I'm trying to understand the derivation of Expected Prediction Error, as described in The Elements of Statistical Learning. Specifically, it says:

$EPE(f) = E(Y - f(X))^2$

By conditioning$^1$ on X, we can write EPE as:

$EPE(f) = E_XE_{Y|X}([Y - f(X)]^2 | X)$

And, a footnote for this says:

$^1$Conditioning here amounts to factoring the joint density $Pr(X,Y) = Pr(Y|X)Pr(X)$ where $Pr(Y|X) = Pr(Y,X)/Pr(X)$ and splitting up the bivariate integral accordingly.

I'm confused on the following:

  1. Is $E(Y - f(X))^2$ equivalent to $E((Y - f(X))^2)$ and is $E_XE_{Y|X}(g(X, Y))$ equivalent to $E_X (E_{Y|X}(g(X, Y)))$? I'm not used to seeing $E$ used without an argument surrounded by parentheses.

  2. I don't understand why $E_{XY}(g(X,Y)) = E_XE_{Y|X}(g(X,Y) | X)$.

  3. What is meant by "splitting up the bivariate integral accordingly" in the footnote?

  4. Besides Wikipedia, what are some resources I should be looking at so that I don't get confused by these concepts?


2 Answers 2


(1) You're pointing out some rather ambiguous notation sometimes used sloppily with expectations.

In my experience, whenever the extra parentheses are suppressed, as in $E(Y-f(X))^2$, this indicates:

$E(Y-f(X))$ is a constant. $E(Y-f(X))^2$ is that constant squared, not the expectation of the random variable $(Y-f(X))^2$. When that latter expectation is desired, $E( (Y-f(X))^2 )$ is written to reduce the ambiguity.

In other cases, when parentheses can be harmlessly suppressed, as in $E_{X}E_{Y|X}(g(X,Y))$, then they are. So, yes,


(2) This is a special case of the law of total expectation. By the definition of expectation, it can also be seen since it is equivalent to saying

$$ \int_{D} g(x,y)p_{xy}(x,y)dxdy = \int_{D_{x}} p_{x}(x) \left(\int_{D_{y}}g(x,y)p_{y|x}(y)dy\right)dx $$

where $p_{xy}$ is the joint density of $(X,Y)$, $p_{x}$ is the marginal density of $X$, and $p_{y|x}$ is the conditional density of $Y$ given $X=x$. $D_{x},D_{y}$ denote the support of $X,Y$, respectively and $D=D_{x} \times D_{y}$. After noting that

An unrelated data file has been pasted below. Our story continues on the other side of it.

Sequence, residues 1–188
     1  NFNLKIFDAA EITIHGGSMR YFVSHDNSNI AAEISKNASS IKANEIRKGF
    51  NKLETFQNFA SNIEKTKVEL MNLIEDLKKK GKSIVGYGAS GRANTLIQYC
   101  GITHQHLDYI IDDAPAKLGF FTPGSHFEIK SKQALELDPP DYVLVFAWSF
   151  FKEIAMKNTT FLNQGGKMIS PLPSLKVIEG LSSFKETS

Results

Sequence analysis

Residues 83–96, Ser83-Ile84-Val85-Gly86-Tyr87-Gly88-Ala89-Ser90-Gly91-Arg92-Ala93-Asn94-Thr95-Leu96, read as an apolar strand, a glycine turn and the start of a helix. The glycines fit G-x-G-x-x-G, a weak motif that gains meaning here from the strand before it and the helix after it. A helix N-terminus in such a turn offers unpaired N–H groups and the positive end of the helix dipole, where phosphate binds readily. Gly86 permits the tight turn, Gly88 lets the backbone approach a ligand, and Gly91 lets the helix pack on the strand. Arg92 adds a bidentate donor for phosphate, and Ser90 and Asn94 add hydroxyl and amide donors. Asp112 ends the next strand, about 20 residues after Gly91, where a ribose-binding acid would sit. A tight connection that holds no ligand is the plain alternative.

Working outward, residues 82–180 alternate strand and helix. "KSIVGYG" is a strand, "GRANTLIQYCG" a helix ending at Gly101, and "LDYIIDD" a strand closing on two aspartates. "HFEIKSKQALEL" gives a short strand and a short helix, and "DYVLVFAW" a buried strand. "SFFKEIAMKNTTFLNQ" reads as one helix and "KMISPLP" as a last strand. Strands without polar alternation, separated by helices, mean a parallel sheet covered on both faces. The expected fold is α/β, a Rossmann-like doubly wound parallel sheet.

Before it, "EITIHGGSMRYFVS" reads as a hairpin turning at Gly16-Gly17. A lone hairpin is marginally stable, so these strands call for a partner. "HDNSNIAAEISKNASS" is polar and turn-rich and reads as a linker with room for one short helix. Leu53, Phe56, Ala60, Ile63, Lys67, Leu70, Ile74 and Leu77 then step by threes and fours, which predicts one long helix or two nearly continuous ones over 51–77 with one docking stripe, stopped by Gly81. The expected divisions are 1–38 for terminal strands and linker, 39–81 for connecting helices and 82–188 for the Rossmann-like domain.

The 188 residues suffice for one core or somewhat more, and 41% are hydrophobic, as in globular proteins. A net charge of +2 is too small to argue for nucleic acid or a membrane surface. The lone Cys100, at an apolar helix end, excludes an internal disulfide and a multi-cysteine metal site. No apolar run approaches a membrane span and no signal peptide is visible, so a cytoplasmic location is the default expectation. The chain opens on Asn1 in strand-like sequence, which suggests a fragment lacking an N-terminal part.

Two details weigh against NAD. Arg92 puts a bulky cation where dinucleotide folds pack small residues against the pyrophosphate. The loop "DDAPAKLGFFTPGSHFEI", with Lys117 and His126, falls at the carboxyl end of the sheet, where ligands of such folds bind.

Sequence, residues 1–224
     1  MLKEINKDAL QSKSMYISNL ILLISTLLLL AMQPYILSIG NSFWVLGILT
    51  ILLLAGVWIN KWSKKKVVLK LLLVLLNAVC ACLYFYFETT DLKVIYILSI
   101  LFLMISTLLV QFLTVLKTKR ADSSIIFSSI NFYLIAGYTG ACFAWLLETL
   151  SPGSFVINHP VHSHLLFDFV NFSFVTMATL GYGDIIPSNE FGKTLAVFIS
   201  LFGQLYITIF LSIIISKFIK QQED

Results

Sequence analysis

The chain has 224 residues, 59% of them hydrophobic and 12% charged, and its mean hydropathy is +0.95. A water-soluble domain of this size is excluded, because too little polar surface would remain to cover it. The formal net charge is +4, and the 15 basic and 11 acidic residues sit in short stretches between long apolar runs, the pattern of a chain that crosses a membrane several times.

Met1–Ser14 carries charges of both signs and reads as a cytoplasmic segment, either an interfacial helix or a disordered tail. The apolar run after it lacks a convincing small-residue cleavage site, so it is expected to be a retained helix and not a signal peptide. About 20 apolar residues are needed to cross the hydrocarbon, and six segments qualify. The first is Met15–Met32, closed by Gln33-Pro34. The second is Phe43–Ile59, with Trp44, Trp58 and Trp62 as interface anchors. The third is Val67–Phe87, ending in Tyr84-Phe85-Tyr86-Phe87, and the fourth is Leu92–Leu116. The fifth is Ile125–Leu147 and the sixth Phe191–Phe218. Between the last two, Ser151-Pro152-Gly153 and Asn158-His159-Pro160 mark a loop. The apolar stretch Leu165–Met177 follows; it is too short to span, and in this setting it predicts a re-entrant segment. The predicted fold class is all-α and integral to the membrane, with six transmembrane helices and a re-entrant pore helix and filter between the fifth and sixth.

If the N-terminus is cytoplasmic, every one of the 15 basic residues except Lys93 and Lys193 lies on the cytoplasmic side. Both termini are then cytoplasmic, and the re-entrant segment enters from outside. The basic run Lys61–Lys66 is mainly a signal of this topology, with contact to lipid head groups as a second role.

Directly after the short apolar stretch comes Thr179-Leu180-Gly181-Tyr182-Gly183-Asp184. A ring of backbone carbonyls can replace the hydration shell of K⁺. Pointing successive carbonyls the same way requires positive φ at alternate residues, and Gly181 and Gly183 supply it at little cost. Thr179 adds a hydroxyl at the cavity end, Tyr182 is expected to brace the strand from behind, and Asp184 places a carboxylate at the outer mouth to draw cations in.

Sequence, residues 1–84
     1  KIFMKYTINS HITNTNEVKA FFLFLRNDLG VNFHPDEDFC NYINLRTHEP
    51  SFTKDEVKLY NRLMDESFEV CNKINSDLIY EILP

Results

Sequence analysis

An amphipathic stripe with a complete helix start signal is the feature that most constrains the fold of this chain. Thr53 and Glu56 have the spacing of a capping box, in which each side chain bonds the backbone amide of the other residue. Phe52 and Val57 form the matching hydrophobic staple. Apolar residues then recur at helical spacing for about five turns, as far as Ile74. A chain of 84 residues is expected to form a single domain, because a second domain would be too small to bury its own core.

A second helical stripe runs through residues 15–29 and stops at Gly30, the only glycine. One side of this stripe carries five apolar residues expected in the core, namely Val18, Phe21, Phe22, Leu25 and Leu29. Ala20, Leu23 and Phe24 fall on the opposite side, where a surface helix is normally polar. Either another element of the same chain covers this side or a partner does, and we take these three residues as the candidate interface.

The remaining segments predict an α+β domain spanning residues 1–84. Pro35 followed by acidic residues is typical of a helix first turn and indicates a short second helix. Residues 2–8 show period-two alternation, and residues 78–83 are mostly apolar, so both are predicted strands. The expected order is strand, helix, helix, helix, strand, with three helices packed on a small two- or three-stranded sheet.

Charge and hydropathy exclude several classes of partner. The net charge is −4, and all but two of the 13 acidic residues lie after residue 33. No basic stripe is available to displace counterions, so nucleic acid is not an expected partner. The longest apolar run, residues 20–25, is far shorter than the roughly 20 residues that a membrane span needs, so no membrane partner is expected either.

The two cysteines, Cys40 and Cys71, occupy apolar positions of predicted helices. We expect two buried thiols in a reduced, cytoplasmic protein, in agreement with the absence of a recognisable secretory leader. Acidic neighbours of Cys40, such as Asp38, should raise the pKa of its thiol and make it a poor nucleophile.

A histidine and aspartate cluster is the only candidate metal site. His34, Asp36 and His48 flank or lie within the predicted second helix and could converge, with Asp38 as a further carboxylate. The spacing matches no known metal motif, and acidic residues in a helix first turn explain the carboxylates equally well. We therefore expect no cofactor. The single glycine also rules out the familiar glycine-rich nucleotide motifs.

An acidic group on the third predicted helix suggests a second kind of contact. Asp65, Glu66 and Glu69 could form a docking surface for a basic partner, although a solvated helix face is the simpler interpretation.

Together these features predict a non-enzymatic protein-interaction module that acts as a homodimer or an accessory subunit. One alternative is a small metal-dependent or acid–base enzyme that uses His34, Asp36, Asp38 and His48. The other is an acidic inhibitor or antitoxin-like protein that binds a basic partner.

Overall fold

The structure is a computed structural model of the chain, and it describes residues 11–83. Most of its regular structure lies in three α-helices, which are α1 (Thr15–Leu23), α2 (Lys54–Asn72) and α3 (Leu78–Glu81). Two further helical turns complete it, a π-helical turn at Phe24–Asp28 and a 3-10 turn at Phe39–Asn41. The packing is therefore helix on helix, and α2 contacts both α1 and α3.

$$p_{xy}(x,y) = p_{y|x}(y)p_{x}(x),$$

the identity becomes pretty clear.

(3) In the integral identity I wrote above, this refers to re-writing the bivariate integral (after you've replaced $p_{xy}(x,y)$ with $p_{y|x}(y)p_{x}(x)$) as separate integrals over $D_{x}$ and $D_{y}$, as on the right hand side.

(4) Review the properties of expectations and conditional/joint densities. Any intermediate text on statistical theory would have this information (e.g. Statistical Inference by Casella and Berger). You may also want to review some of the basic calculus associated with these topics (since expectations are defined as integrals).

  • $\begingroup$ Thank you so much! I understand now. I also ordered the book you mentioned. $\endgroup$
    – Alec
    Jan 14, 2012 at 17:23
  • $\begingroup$ Given the context, I'm pretty sure $E(Y - f(X))^2$ is supposed to mean $E((Y - f(X))^2)$ in the book. We're trying to minimize the distance $(Y - f(X))^2$ by finding f. The full context is linked from the question. Let me know if I'm wrong. $\endgroup$
    – Alec
    Jan 15, 2012 at 3:12
  • $\begingroup$ You're right. In Eq (2.10), the integral written there is $E((Y-f(X))^2)$. Apparently $EX^2$ can mean both $[E(X)]^2$ and $E(X^2)$ - I've still seen it both ways. $\endgroup$
    – Macro
    Jan 15, 2012 at 3:17

There was a similar question at:


I've posted the same answer below for convenience:

$EPE = \int\int {(y-g(x))^2f(x,y)dxdy}$

By Bayes' Theorem $f(x,y)=f(y\,|\,x)\,f(x)$ we have:

$EPE = \int\int {(y-g(x))^2f(y\,|\,x)\,f(x)dxdy}$

Rearranging gives:

$EPE = \int f(x)\;\left(\,\int (y-g(x))^2f(y\,|\,x)dy\,\right)\;dx$

Using definition of $E_x$ we get:

$EPE = E_x(\;\int (y-g(x))^2f(y\,|\,x)dy\;) $

Using definition of $E_{Y\,|\,X}$ we get:

$EPE = E_x(\;\;\;E_{Y\,|\,X}(\,(Y-g(X))^2\,|\,X\,)\;\;\;) $

Or an even shorter notation:

$EPE = E_xE_{Y\,|\,X}(\,[Y-g(X)]^2\,|\,X\,) $


Your Answer

By clicking “Post Your Answer”, you agree to our terms of service and acknowledge you have read our privacy policy.

Not the answer you're looking for? Browse other questions tagged or ask your own question.